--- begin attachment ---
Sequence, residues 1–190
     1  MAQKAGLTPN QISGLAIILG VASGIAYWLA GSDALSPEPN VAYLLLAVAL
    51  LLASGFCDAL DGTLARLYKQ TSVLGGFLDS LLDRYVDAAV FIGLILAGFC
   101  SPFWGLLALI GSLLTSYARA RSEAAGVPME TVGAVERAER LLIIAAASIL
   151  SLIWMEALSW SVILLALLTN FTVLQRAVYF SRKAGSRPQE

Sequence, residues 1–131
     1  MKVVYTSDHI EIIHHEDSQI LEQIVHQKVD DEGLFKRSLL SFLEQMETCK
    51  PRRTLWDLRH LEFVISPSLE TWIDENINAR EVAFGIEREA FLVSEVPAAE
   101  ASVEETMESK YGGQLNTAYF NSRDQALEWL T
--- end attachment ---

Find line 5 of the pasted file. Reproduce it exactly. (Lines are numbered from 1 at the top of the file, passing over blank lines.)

   151  SLIWMEALSW SVILLALLTN FTVLQRAVYF SRKAGSRPQE